Otto had grown up in the country, sometimes having to rely on what he had caught that day for supper but Nathaniel was truly a wealthy man’s son and had never been in want of anything while he lived in Japan. He had been taught the skills of a Japanese aristocrat. His father was hard on him, never showing emotion of any sort, and trained him day and night. Otto’s grandfather offered love daily, had no problem showing disappointment but used Otto’s mistakes as a way to teach him.
In the end, they secretly concluded that opposites attract, and, while Otto was unused to the peculiar feeling inside him, he found he was a bit excited when Nathaniel handed him his phone number. In return, Otto gave him his cell phone number and it was only when Nathaniel told him he had to be getting home that he realized that it was already three in the morning.
Otto turned to him. “Guess I’ll see ya later.”
“You’ll see me every night since you work here now.” Nathaniel reminded him.
He let another ten minutes slip by in silence before Nathaniel stood up and placed a hand on Otto’s shoulder. “Kooun, Otto.”
Otto frowned. “Bless you.”
Nathaniel laughed. “In Japanese, ‘kooun’ means ‘good luck’.”
Otto smiled. “Then…the same to you.”
Otto could feel his shoulder burn where Nathaniel’s hand lay. The fire spread down his arm and across his chest, making it hard for him to breathe. Nathaniel stared at him, realizing that, underneath the dirt, there was a splash of freckles on Otto’s nose and he found himself memorizing their pattern, not wanting to forget any detail of his newfound friend or the special evening they had shared.
With a final smile, he walked out of the hotel and headed for his apartment three blocks away. Otto finished the last of his champagne before making his way to his beaten up truck and heading home.
Nathaniel threw himself down on the bed, exhausted from the lack of sleep earlier. He barely even felt the sting of winter during his walk home as he thought of Otto Mooney. He knew that Otto would be taking up most of his thoughts from now and he began to will the clock to move faster, counting down the hours until he could go to work again. On the floor next to his bed, the red light on his phone was blinking, signaling that he had a message.
Otto sat back in his truck and sighed, trying to stay awake during the long ride home. He hadn’t even made it out of the city yet. He nearly jumped out of his skin as “Livin’ Our Love Song” sounded off of his phone.
“Otto? It’s Nathaniel. Have you left the city yet?”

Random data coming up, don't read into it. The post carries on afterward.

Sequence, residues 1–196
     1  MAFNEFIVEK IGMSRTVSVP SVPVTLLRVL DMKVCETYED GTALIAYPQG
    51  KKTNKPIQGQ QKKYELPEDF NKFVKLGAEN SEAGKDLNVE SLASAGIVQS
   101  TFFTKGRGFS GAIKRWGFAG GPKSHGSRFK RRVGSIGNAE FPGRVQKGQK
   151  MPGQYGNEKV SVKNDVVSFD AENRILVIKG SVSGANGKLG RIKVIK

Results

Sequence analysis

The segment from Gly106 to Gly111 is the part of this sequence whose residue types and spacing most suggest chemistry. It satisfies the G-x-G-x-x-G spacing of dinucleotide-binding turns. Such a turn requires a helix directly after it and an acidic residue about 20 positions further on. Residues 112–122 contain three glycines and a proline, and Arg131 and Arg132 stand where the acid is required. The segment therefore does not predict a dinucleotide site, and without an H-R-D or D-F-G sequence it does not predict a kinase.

Nathaniel gave him the directions to his apartment and told him to get there as soon as he could. The excitement in his voice was contagious and Otto actually found himself smiling, even though he had no idea what was going on.
When he reached Nathaniel’s apartment, he didn’t even get a chance to knock on the door before it opened and Nathaniel’s cold blue eyes were looking down into his warm brown ones.
“I have to show you something.” Nathaniel said, pulling him inside the small apartment.
Otto couldn’t believe the state of the apartment. There was nothing in it except what came with it. Not even a television or a couch. He followed Nathaniel back into his room and sat on the futon.
“What did you need to tell me?” he asked.
“Listen to this.”
Nathaniel pressed play on his answering machine and let Otto listen to it.
“Nathaniel, I don’t understand Japanese,” he said, a bit irritated. It was late and the foreign language only hurt his head.
“Otto, my father died. He didn’t have any sons after me and, on his deathbed, forgave me and accepted me as his son. Do you understand what this means?”
“Not really.” Otto replied, unable to suppress a yawn. He stood up and leaned back against a wall, waiting for an explanation.
“It means that I am now the rightful owner of my family’s textile company. I am now, once again, wealthy.”
Nathaniel walked over to Otto and placed his hands on either side of his head. His eyes blazed down into Otto’s and his lips hung just inches above his. Otto’s heart beat so loudly, he was afraid Nathaniel could hear it but, try as he might, he could not tear his gaze away from him.
“And now, Otto Mooney...”
Otto closed his eyes as Nathaniel ducked his head and closed the last bit of space between them.